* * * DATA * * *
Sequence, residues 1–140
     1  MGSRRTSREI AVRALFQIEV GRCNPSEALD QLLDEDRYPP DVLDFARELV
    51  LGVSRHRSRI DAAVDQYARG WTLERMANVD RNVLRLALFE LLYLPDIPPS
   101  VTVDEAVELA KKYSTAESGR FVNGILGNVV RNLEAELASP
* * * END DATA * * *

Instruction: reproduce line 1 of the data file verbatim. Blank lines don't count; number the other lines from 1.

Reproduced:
Sequence, residues 1–140